AMC: The Cliffs Notes Version

Annual Magazine Confab Was Lot of Work, Little Bit Festive

By Published on .

NEW YORK ( -- The American Magazine Conference wrapped up Tuesday with panels and talks on video, mobile, celebrity and design -- four extremely promising areas for publishers -- before the closing event, a luncheon presentation of the best magazine covers of the year. Of course, most attendees had slipped off to the airport by lunchtime, drained by a couple of days of 7 a.m. continental breakfasts, an after-dinner "After-Party" that had gone late the night before, and a nonstop, newly compressed agenda prior to that.
Rachael Ray
Click to see video.

The whole thing began simply enough at 4 p.m. Sunday -- make that 7 for anyone just in from New York and still on Eastern Daylight Time -- with an on-stage interview with Rachael Ray. Advertising Age followed with its A-List presentation. And then, dinner! Attendees drank margaritas on the Biltmore's picturesque Squaw Peak lawn and finished the night with drinks by the outdoor fireplaces.

Miles of ground
But the back-to-back-to-back sessions that consumed Monday covered miles of ground and reminded everyone that the conference, especially this year, wasn't about sunning by the pools at the Arizona Biltmore Resort and Spa. It was about learning and networking while vacationers sunned by the pools at the spa.
Jack Kliger
Click to see video.

Bright and early Monday morning, Christie Hefner, chairman-CEO of Playboy Enterprises and chair of the 2006 conference, introduced Jack Kliger, president-CEO of Hachette Filipacchi Media U.S. and chairman of the Magazine Publishers of America, who told assembled magazine publishers that they weren't afraid of digital anymore.

Then followed a panel moderated by Newsweek Chairman Richard Smith, who asked Time Inc. President Ann S. Moore and Rodale President Steve Murphy just what business they were in. That led Ms. Moore to talk about shedding smaller properties. That was followed by a panel examining breakthrough brands with Coca-Cola Co. Global Brand Director Alev Gokce and Lippincott Mercer COO Suzanne Hogan. Hearst President Cathleen Black interviewed Barnes & Noble CEO Stephen Riggio, who wants to sell even more magazines through his stores. Then Rex Briggs, CEO of Marketing Evolution, delivered some more much-needed positive news: Magazine advertising is the safest bet marketers can make.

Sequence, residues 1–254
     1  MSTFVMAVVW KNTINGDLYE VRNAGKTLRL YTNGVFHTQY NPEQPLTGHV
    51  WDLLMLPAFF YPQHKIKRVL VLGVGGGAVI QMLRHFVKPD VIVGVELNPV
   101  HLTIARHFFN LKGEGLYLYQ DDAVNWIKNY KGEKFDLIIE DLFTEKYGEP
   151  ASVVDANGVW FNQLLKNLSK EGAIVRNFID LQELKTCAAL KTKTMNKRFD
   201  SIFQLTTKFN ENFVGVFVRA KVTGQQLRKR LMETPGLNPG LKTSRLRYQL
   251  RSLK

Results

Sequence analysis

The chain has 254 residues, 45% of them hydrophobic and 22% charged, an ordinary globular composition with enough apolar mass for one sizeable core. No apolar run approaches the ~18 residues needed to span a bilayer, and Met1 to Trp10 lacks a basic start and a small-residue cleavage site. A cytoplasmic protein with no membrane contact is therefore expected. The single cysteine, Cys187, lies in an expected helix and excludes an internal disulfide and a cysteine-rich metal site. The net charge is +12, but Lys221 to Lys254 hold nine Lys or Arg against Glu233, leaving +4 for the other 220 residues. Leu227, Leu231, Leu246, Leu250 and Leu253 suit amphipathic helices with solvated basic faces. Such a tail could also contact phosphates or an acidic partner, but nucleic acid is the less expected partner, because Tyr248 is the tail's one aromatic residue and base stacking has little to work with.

image Photo: Doug Goodman
Barack Obama and David Remnick

Taking questions
Sen. Barack Obama gamely but thoughtfully -- very thoughtfully -- took questions from New Yorker Editor David Remnick over a sushi-and-salmon-steak lunch, making no punchy one-liners but getting a semi-standing ovation by the end anyway.

After a talk from Nina B. Link, president-CEO, Magazine Publishers of America, the crowd enjoyed back rubs from Google and Yahoo execs who promised they only wanted to partner with and help magazines. OK, back rubs is a metaphor here -- no publishers were actually caressed in the delivery of these talks -- but it felt close.

Google and Yahoo might have done better, though, to follow the digital-friendly Mr. Kliger than the guy who went on before they did: Jeffrey Cole, director of the Center for the Digital Future at USC's Annenberg School for Communication, who unsettled just about every hip BlackBerry addict there when he said teenagers now know e-mail is incredibly old-fashioned. (If you want to hang with the under-24 crowd, better learn IM).
image Photo: Doug Goodman
Raymond Roker

Finishing off the day
A "Festive Reception," "Festive Dinner" and the aforementioned "After-Party" finished off the day, complete with DJs like Raymond Roker, founder of URB. And, though it could go without saying even at a conference so compressed for time, the party's open bar completely finished off the coherence of a few attendees.

But they still had a jam-packed Tuesday morning to contend with, including a passionate speech from Robert F. Kennedy Jr., who was not shy about laying the blame for an ill-informed populace at the feet of the press. At least New York Times reporter David Carr did his best to imitate a standup comedian during his panel on using video on magazine websites. And attendees learned celebrity journalism is not going away anytime soon.

At least by the time the departing magazine masses stuffed the few available flights out of Phoenix on Tuesday, most retained the grace to sit quietly or, even better, catch some sleep. A pause was due -- until Wednesday, when it was time once again to start preparing for the digital future.
Most Popular
In this article: